Whereby the serum levels of immunoglobulins in the two groups was compared. It was obvious that the mean serum IgA level was 400.21 ± 192.48 mg/mL in the case group and 1131.45 ± 221.98 mg/mL in the control group; the difference was statistically significant (P = 0.0001). The mean serum IgM level was 55.00 ± 25.89 mg/mL in the case group and 149.33 ± 66.99 mg/mL in the control group (P = 0.0001). The mean serum IgG level was 43.57 ± 24.56 mg/mL in the case group and 210.54 ± 94.39 mg/mL in the control group (P < 0.0001).

Results obtained from flow cytometric assay in the two groups showed that there was no significant differences between case and control group in the mean count of CD4, CD8, and CD56 while the mean surface expression of CD10 had a remarkable decrease in the case group in compare to the control group (P < 0.010) [Table 1].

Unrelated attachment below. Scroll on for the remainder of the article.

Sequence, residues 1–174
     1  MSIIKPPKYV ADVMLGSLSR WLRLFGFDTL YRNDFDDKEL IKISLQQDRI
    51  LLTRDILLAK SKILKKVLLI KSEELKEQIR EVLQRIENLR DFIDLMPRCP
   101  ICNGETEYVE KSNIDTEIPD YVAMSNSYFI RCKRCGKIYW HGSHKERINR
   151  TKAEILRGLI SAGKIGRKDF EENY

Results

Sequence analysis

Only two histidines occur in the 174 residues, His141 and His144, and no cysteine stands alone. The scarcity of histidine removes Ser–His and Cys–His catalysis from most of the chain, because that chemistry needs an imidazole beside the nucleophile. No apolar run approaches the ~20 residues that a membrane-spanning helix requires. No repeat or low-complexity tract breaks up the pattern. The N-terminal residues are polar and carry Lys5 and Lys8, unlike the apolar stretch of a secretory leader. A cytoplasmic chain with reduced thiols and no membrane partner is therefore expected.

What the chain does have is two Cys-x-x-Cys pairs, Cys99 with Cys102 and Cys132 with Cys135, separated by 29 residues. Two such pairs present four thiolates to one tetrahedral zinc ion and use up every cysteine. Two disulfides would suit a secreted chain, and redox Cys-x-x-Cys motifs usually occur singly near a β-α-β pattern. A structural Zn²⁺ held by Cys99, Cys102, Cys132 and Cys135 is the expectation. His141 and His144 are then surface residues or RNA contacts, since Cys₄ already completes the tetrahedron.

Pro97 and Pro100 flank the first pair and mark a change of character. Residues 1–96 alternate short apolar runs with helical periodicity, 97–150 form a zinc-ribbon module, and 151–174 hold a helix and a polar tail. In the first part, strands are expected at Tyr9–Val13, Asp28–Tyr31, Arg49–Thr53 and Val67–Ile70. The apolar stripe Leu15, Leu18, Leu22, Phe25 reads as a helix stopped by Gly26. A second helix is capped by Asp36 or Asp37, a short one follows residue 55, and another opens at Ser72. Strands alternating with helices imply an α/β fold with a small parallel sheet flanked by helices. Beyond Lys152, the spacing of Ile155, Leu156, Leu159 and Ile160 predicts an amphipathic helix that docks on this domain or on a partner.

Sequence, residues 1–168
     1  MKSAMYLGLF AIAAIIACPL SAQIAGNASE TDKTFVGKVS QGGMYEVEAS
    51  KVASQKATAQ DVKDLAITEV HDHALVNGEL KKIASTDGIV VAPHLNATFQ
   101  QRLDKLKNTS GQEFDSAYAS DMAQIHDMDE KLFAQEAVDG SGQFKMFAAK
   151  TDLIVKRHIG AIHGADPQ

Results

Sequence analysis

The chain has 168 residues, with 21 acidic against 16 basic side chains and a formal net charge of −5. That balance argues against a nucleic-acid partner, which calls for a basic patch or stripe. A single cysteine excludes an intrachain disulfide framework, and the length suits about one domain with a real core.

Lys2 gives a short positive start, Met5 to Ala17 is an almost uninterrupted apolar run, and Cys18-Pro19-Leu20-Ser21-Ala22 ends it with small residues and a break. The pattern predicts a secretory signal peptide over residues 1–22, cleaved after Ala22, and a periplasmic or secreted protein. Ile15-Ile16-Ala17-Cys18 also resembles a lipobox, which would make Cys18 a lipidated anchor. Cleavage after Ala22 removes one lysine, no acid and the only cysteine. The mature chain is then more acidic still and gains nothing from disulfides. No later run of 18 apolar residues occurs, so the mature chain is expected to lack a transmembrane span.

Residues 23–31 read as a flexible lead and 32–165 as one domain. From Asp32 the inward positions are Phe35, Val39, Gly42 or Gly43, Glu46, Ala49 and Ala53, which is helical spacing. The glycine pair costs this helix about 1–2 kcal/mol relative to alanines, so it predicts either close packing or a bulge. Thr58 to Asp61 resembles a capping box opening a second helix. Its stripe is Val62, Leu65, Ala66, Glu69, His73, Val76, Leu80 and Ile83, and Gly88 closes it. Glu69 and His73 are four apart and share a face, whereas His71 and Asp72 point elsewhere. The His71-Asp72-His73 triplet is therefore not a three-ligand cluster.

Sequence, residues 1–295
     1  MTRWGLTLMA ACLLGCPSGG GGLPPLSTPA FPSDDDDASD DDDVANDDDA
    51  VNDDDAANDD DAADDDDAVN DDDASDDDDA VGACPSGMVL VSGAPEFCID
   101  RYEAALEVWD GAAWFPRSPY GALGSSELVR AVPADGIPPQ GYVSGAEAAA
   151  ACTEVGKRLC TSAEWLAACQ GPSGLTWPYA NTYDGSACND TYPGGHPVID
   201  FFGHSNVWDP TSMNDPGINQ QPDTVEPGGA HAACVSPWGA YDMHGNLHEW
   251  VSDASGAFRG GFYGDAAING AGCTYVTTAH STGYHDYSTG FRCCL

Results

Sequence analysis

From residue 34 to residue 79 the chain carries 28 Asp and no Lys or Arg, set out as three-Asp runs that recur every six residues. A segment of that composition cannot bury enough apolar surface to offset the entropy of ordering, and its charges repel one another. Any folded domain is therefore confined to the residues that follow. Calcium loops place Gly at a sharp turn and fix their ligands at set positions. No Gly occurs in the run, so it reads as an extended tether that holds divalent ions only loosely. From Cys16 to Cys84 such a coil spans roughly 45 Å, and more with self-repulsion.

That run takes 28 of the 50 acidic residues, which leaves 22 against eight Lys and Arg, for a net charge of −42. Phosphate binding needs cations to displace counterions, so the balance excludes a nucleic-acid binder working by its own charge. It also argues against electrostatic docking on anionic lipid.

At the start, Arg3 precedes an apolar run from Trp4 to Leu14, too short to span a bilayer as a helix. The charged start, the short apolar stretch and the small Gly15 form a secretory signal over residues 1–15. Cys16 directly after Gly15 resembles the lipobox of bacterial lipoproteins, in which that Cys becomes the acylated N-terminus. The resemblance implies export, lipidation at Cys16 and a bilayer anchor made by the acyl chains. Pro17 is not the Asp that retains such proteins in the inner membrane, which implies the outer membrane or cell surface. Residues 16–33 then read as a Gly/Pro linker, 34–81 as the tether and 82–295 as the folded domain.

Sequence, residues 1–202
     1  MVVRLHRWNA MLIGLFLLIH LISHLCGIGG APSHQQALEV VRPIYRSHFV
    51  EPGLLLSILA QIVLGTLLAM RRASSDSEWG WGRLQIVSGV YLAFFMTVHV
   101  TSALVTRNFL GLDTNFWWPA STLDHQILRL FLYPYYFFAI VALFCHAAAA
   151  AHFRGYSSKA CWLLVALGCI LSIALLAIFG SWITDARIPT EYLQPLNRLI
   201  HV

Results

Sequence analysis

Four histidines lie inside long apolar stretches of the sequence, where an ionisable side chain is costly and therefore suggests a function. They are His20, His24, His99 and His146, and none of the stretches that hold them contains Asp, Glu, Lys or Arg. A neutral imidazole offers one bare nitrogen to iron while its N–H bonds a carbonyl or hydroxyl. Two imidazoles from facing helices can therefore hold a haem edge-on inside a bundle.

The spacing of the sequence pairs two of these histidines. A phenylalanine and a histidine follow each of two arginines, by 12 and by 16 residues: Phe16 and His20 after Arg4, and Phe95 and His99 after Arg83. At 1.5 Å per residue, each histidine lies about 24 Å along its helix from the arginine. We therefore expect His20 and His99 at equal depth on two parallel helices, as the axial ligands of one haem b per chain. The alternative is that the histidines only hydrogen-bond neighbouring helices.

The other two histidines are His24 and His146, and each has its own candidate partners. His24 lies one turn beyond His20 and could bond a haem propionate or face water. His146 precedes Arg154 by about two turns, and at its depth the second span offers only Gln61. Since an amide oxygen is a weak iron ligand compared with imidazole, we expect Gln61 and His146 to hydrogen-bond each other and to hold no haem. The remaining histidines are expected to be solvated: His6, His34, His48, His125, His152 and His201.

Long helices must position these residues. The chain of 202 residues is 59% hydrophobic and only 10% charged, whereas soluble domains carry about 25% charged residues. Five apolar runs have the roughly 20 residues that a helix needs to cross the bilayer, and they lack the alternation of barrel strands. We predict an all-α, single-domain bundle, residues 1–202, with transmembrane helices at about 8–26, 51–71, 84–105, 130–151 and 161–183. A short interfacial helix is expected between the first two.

Table 1: Demonstrates the flow-cytometric findings, in the control and case groups

Click here to view

  Discussion Top

Adenotonsillectomy is within the most commonly used surgeries, but the subsequent immunologic complications are yet to be fully understood.[14] Several studies have been carried out on the effects of tonsillectomy on the pediatric immune system, to date.[15],[16],[17] However, the question remained unsolved that whether the removal of the tonsils and adenoid causes a defect in the local and systemic immune system of the individual. B-lymphocytes are known as the main arm of humoral immunity and their secretory products such as antibodies are active in defense against extracellular microorganisms.[18] Cellular immunity is established by T-lymphocytes and their products, such as cytokines are important for defense against intracellular microbes.[19],[20]